All of our team members are deeply passionate about improving students' education. We focused on the underserved community of deaf or hard-of-hearing students, who communicate, understand, and think primarily in ASL. While some of these students have become accustomed to reading English in various contexts, our market research from studies conducted by Penn State University indicates that members of the community prefer to communicate and think in ASL, and think of English writing as a second language in terms of grammatical structure and syntax.

The majority of deaf people do not have what is commonly referred to as an “inner voice”; instead they often sign ASL in their heads to themselves. For this reason, deaf students are largely disadvantaged in academia, especially with regard to live attendance of lectures. As a result, we sought to design an app to translate professors’ lecture speeches to ASL in near-real time.

What it does

Our app enables enhanced live-lecture for members of the ASL-speaking community by intelligently converting the professor's speech to a sequence of ASL videos for the user to watch during lecture. This style of real-time audio to ASL conversion has never been done before, and our app bridges the educational barrier that exists in the deaf and hard-of-hearing community.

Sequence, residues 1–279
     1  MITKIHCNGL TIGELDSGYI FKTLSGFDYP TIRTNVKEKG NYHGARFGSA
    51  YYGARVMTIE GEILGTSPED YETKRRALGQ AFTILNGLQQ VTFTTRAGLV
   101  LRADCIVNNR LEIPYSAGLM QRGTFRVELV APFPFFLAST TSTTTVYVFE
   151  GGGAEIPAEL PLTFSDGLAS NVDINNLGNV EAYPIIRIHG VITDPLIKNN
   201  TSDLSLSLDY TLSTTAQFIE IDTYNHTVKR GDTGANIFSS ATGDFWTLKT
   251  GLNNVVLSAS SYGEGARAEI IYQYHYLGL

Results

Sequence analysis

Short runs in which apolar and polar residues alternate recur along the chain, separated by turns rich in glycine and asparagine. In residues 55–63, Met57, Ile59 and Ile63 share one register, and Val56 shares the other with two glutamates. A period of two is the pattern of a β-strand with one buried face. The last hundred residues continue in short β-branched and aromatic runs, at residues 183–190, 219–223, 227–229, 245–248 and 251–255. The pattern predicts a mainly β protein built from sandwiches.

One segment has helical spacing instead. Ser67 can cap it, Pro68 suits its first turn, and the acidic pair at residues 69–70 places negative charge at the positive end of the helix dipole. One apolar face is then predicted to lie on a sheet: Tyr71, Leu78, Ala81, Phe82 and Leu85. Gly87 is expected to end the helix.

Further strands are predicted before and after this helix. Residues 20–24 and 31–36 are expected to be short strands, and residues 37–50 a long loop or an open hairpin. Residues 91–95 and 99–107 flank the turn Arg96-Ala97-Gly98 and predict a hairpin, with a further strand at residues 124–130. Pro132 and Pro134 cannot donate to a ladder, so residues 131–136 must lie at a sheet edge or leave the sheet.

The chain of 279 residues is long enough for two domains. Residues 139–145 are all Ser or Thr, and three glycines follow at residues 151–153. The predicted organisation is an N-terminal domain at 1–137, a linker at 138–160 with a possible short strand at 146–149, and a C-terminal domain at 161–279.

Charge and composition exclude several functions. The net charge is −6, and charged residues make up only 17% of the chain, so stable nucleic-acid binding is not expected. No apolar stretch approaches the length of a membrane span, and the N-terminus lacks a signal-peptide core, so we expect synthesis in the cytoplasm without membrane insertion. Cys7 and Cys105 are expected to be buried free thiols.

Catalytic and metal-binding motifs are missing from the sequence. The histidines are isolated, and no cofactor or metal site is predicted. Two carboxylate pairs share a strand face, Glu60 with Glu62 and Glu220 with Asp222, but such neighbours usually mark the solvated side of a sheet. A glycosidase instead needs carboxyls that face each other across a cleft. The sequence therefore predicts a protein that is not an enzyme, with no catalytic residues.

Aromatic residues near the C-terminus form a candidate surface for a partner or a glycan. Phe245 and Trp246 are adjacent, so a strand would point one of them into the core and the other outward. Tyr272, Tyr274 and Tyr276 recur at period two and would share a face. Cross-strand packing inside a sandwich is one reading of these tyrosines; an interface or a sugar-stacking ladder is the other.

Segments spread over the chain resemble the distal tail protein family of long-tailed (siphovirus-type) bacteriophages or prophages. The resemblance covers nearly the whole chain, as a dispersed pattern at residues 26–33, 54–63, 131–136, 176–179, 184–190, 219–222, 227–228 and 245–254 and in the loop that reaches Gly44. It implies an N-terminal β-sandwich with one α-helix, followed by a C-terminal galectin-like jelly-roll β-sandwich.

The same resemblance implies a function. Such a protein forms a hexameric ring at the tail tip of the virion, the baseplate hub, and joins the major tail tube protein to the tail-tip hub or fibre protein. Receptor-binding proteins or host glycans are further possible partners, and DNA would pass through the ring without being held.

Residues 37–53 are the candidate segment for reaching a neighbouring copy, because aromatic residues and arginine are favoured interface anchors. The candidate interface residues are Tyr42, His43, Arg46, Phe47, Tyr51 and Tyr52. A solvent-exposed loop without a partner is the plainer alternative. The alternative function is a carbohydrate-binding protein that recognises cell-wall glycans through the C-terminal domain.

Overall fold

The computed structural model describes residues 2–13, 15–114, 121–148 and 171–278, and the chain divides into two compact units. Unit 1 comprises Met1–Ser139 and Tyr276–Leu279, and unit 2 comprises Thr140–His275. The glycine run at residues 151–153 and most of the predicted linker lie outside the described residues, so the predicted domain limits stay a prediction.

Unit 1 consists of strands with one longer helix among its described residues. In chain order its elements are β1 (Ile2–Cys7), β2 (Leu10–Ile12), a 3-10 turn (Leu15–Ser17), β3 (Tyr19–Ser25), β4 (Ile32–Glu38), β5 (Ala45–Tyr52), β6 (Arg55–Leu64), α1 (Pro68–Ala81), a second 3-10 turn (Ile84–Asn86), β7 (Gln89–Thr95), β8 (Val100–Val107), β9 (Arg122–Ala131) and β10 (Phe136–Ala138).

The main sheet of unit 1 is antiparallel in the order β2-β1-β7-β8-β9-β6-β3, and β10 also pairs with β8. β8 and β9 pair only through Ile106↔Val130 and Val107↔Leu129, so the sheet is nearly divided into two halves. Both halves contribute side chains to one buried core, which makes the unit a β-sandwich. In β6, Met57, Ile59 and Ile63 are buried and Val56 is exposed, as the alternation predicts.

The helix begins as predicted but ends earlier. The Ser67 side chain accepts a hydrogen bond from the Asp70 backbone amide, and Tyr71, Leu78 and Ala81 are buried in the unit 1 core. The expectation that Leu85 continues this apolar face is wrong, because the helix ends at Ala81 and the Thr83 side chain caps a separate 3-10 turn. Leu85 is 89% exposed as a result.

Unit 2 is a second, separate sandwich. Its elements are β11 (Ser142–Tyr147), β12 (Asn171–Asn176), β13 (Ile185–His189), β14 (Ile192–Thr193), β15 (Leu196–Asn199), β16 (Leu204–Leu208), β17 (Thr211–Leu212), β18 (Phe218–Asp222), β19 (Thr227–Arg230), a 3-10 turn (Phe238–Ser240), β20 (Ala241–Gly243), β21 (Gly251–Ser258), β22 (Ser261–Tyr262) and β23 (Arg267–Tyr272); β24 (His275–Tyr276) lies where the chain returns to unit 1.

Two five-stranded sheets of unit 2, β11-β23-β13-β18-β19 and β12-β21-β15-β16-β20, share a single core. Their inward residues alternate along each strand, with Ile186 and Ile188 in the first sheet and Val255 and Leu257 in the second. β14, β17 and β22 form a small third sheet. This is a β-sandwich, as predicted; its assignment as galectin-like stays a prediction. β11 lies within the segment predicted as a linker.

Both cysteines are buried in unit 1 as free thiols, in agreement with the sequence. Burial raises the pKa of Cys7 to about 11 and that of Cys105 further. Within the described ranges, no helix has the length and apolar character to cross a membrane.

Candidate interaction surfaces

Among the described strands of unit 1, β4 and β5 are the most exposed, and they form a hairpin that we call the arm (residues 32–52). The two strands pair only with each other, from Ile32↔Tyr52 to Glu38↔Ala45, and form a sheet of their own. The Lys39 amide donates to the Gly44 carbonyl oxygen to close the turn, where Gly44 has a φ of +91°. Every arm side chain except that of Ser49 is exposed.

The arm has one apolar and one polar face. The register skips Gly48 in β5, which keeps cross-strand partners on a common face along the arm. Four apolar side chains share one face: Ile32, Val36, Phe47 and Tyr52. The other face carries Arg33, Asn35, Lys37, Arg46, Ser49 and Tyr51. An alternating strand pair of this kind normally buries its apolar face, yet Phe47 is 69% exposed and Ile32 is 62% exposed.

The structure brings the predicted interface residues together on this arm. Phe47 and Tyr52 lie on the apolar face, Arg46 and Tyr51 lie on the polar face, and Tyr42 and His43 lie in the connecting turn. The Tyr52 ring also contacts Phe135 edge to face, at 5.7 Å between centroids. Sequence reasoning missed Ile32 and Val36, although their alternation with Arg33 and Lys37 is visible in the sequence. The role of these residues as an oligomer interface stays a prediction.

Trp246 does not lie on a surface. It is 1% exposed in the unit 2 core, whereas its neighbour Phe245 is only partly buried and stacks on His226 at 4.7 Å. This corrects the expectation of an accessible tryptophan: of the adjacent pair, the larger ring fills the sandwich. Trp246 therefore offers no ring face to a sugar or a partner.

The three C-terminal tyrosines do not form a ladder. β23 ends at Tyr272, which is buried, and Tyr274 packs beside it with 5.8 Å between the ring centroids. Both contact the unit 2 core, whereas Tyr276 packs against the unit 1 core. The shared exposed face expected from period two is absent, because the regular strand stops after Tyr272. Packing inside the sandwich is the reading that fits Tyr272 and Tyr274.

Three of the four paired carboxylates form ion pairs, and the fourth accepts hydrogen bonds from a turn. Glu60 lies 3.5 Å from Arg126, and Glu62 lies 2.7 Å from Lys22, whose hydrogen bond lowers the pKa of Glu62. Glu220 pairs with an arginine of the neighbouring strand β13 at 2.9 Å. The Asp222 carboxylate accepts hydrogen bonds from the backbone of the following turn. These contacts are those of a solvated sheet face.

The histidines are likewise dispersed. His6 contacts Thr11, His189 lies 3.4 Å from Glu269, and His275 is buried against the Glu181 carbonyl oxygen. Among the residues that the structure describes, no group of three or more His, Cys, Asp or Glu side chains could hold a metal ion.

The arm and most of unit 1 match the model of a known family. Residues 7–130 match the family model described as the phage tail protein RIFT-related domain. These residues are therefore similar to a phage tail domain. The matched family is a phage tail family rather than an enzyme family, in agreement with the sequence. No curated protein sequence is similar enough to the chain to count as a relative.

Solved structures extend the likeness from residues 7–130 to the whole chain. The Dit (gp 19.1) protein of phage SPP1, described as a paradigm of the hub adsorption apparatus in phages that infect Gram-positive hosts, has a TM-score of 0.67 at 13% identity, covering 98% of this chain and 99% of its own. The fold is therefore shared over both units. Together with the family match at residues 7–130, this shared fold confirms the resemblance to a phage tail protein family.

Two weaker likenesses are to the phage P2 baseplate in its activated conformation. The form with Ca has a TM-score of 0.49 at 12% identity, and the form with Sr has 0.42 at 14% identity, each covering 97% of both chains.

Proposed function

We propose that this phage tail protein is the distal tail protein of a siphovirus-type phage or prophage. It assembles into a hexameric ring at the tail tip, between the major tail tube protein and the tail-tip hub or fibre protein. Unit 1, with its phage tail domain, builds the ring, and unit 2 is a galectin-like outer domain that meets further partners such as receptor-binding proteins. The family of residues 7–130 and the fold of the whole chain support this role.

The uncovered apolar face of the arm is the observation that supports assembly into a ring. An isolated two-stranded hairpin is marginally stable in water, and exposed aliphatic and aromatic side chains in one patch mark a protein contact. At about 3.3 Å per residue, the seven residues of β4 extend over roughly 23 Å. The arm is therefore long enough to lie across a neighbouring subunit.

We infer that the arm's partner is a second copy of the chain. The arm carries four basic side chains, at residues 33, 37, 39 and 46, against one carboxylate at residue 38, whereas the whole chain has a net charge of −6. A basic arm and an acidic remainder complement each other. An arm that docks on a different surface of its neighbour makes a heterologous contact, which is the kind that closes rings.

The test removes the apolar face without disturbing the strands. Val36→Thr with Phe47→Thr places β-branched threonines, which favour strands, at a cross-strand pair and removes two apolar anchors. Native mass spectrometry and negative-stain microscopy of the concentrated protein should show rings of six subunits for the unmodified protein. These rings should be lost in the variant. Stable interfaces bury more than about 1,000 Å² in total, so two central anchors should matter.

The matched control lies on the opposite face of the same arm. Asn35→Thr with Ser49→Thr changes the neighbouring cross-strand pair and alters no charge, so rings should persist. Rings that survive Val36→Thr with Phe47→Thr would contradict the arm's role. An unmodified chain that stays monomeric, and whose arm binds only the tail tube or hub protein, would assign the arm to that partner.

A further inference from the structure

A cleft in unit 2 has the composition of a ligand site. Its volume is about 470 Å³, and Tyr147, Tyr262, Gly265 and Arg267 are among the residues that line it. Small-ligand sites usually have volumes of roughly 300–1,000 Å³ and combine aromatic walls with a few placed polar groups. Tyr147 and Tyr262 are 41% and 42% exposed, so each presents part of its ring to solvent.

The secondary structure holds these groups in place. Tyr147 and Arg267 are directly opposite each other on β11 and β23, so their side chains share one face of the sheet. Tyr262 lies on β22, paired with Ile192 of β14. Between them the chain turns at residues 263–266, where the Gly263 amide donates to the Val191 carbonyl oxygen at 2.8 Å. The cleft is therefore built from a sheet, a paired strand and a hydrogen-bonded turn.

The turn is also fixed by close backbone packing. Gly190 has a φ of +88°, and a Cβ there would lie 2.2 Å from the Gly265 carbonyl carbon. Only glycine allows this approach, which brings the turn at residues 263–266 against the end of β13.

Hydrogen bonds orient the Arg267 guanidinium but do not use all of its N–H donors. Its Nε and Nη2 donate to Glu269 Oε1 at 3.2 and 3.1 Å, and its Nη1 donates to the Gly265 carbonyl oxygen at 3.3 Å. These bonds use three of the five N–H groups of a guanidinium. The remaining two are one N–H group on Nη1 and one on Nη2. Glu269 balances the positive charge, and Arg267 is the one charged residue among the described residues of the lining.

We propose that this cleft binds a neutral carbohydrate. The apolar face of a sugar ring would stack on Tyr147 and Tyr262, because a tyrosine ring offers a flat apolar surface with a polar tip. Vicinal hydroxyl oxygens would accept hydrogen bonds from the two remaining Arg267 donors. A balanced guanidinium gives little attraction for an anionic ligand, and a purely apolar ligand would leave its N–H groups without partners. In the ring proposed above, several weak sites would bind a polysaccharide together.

How we built it

We broke down the development of the app into 3 phases: converting voice to speech, converting speech to ASL videos, and connecting the two components together in an iOS application with an engaging user interface.

Building off of existing on-device speech recognition models including Pocketsphinx, Mozilla DeepSpeech, iOS Dictation, and more, we decided to combine them in an ensemble model. We employed the Google Cloud Speech to Text API to transcribe videos for ground truth, against which we compared transcription error rates for our models by phonemes, lengths, and syllabic features.